Informal Institutions and the Regulation of Smuggling in North Africa
By Max Gallien, The London School of Economics
Contemporary writing on North African borderlands invokes the idea of a general, unregulated porosity through which small-scale informal traders of food or textiles move alongside drug smugglers and terrorists. I challenge that conception, demonstrating that the vast majority of smuggling activity is in fact highly regulated through a dense network of informal institutions that determine the costs, quantity, and types of goods that can pass through certain nodes, typically segmenting licit from illicit goods.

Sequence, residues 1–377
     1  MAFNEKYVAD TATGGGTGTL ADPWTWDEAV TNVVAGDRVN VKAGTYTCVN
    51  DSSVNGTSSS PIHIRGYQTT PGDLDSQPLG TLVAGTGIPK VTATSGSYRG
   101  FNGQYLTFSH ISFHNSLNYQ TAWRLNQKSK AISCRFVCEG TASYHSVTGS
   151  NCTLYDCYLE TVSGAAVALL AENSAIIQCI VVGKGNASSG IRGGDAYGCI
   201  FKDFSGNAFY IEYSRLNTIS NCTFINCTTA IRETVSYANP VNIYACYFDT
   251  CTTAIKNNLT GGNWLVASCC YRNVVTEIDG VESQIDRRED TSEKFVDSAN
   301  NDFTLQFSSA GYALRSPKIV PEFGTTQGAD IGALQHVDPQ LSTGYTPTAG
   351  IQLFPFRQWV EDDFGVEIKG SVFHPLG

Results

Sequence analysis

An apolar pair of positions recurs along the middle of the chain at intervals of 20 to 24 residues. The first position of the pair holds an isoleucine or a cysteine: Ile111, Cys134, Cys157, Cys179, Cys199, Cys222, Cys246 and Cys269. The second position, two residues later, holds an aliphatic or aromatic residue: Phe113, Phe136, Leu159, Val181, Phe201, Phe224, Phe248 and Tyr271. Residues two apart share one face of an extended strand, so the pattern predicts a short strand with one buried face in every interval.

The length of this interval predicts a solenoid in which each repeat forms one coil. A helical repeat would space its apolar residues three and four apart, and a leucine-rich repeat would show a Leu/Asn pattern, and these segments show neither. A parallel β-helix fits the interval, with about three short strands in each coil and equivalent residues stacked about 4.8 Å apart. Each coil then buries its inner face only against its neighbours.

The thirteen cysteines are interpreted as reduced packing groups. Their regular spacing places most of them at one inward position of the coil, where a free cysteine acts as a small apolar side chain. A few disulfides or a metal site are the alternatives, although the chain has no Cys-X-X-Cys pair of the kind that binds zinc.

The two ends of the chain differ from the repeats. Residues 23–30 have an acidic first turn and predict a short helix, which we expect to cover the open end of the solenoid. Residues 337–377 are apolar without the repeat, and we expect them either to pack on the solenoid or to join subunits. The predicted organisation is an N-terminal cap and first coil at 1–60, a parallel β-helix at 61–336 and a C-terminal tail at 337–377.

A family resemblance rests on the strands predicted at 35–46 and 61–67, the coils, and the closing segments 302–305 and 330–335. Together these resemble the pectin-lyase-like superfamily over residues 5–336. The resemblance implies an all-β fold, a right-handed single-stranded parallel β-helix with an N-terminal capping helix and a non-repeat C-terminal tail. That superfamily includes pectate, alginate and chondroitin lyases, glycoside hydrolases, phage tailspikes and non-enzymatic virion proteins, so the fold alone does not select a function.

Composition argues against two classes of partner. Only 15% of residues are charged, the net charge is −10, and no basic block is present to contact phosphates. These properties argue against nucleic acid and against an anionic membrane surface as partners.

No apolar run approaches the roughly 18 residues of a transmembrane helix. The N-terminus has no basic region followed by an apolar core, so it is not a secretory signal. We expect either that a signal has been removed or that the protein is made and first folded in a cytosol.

While informal, the institutions regulating this trade are largely impersonal and contain third-party enforcement, hence providing a direct empirical challenge to common characterisations of informal institutions in political science. I argue that revisiting the characteristics associated with informal institutions, and understanding them as contingent on their political environment, can provide a new starting point for studying institutions, the politics of informality, state capacity, and the regulation of illegal economies.